The problem of burgeoning plastic waste isn’t new to Mumbai. According to recent data released by the Central Pollution Control Board (CPCB), India generates 25,940 tonnes of plastic every day with 40 percent of it remaining uncollected. Metropolitan cities — Delhi, Kolkata, Mumbai and Chennai– alone contribute 50 percent of this total waste. The uncollected and untreated waste goes into drains, sea and landfills, causing massive land and water pollution. During the popular Ganapati festival in Mumbai last year, after immersion of idols, the total dissolved solids increase by 100 percent.
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To combat the menace of plastic waste, on March 23, 2018, the state-imposed a blanket ban on the use of plastic throughout the state, particularly Mumbai. The order banned the sale, manufacture, distribution, transportation and import of plastic, giving a three-month notice to manufacturers, distributors, and consumers to get rid of plastic including single-use plastic disposables like spoons, plates, bags, forks, straws amongst others. Apart from this, the use of plastic and thermocol for decorations, food items sold in plastic containers and plastic packaging were also banned. Before enforcement of the ban, the Brihanmumbai Municipal Corporation (BMC) through its mass plastic collection drive collected over 1.42 lakh kg of banned plastic from across the city. Environmentalists and citizens welcomed the ban, hoping the state had finally woken to the need to reduce pollution caused by plastic waste.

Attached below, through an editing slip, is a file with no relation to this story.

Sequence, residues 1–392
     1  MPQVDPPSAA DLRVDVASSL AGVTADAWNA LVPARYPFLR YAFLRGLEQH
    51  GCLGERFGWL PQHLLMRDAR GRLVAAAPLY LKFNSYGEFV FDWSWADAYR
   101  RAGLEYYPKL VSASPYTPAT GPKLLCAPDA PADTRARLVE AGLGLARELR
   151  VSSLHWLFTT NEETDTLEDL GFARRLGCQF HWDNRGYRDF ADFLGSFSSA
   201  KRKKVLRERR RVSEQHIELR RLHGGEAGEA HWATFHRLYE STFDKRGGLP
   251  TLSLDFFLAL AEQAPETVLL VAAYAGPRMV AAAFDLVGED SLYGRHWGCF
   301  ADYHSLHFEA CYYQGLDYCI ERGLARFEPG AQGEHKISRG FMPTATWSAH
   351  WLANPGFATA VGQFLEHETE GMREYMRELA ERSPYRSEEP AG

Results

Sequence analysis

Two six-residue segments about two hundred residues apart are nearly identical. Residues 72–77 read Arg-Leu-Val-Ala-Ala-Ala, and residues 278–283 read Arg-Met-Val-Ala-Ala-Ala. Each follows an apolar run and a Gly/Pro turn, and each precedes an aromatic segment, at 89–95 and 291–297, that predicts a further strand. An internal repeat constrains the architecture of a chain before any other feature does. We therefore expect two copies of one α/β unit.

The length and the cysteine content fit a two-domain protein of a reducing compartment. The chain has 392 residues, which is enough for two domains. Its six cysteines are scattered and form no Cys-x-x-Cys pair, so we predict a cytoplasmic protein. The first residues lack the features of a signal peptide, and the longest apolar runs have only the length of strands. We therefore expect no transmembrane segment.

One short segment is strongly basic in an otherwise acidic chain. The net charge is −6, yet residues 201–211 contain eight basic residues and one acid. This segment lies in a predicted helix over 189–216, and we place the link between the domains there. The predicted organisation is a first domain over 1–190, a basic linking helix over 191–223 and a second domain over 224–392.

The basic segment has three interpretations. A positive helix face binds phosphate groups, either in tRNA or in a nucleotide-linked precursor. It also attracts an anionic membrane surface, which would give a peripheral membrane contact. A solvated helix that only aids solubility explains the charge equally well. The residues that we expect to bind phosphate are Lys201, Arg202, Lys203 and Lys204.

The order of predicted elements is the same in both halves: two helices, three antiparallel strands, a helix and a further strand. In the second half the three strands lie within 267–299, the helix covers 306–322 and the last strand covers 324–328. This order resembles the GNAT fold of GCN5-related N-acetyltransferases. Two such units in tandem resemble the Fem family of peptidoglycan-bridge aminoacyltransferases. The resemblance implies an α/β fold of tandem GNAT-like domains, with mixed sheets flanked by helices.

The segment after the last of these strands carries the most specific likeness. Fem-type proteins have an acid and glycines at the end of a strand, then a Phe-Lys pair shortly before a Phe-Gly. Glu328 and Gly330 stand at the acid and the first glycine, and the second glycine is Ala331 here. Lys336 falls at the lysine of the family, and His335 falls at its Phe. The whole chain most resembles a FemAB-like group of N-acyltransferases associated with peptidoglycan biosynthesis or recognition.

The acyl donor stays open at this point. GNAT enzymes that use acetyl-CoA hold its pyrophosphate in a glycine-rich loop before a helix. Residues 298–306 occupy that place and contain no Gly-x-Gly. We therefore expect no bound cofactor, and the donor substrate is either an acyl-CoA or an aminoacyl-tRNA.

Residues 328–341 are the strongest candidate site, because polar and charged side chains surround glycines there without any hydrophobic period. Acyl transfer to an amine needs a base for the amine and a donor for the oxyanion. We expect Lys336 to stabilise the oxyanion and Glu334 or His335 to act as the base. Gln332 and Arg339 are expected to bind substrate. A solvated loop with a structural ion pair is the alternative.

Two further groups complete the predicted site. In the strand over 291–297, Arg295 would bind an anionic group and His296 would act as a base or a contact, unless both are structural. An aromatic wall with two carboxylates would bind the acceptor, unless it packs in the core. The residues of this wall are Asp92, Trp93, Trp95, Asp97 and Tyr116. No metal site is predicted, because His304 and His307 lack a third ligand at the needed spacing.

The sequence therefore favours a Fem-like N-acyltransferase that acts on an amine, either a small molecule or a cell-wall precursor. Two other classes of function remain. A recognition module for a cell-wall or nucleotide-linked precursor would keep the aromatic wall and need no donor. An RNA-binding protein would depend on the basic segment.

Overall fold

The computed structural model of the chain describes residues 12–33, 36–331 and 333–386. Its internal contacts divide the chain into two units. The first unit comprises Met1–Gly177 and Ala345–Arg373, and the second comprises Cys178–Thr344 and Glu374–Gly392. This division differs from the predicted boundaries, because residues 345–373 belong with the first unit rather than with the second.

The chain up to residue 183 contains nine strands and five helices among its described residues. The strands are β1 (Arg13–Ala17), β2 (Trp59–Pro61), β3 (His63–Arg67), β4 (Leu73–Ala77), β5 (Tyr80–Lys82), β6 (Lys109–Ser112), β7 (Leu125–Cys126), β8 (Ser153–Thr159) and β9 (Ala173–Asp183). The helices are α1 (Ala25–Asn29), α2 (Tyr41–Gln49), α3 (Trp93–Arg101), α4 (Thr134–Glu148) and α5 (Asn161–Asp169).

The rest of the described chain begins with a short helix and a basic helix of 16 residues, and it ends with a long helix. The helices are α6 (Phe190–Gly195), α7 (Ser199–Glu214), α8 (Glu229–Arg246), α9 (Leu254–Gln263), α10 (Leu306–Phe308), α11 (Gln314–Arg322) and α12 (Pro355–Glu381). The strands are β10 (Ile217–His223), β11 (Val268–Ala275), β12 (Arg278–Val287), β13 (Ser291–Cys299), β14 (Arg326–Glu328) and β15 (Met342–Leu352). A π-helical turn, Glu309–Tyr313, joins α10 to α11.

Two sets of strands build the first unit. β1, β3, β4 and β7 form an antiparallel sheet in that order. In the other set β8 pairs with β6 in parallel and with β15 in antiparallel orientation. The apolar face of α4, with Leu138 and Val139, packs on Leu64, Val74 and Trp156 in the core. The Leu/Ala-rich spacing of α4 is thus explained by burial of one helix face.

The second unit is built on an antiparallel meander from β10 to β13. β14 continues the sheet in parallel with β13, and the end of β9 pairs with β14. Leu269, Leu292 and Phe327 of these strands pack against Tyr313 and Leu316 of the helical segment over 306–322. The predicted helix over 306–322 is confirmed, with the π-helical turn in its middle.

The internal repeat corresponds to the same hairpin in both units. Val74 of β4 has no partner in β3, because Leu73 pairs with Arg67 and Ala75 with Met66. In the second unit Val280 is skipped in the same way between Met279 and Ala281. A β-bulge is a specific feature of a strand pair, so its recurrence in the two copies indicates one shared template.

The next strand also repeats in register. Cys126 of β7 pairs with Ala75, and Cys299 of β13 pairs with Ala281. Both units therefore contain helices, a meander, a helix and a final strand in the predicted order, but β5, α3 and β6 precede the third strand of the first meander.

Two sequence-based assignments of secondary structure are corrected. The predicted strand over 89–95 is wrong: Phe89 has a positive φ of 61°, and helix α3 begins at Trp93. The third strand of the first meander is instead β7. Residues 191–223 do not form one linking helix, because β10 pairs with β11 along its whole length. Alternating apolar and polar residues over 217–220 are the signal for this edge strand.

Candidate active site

“Policymakers around the world are recognising and acknowledging how single-use plastic is creating a major menace in cities,” said BMC deputy commissioner Nidhi Choudhari in justification of the blanket ban. “In Mumbai, a coastal city, this plastic waste is threatening marine life, ruining our pristine beaches, choking our drains and killing our rivers. I think a city-wide restriction wouldn’t have worked. And therefore the state-wide ban was essential. Not only Maharashtra, but other Indian states too should follow suit and ensure that the manufacture of single-use plastic is curbed.”
Fortunately, a year after the ban, some changes are visible. All the major food chains like McDonald’s, Burger King, Teepee and Wagh Bakri have switched to paper straws, paper plates. Even small vendors selling juices are either using paper straws and encouraging customers to not use the straws. Grocery stores, which earlier used single-use plastic bags have now started selling groceries in paper bags or sell cloth bags for Rs 5-15. This has encouraged customers to carry their own bags. “I don’t give my customers groceries in plastic bags anymore,” said Anil Chauhan, owner of a grocery store in Chembur. “Either I wrap it in old newspapers or give it in paper bags. I always motivate my customers to carry their own bags or buy cloth bags from us. It hasn’t hurt my profit margin much”.
Besides the ban, the Brihanmumbai Municipal Corporation (BMC) took other initiatives to discourage use of plastic. In 2018, BMC launched a ‘Mega Rath Yatra’ to raise awareness about the plastic ban. BMC installed black coloured bins across the city where citizens could dispose plastic waste which was then collected by BMC trucks and transferred to dry waste centres in the city.
A toll-free helpline number (1800-222-357) was started that allowed citizens to ask the administration to pick up the plastic waste from the area surrounding their houses. On their official websites, BMC listed numbers of NGOs, companies and individuals who sell and produce alternatives to plastic. Plastic bottle crushers were installed at train stations.
The overall monitoring of the ban and its implementation was given to the Maharashtra Pollution Control Board (MPCB) along with district and local administration. The Maharashtra Tourism Board was also included to monitor and spread awareness among tourists to not use plastic.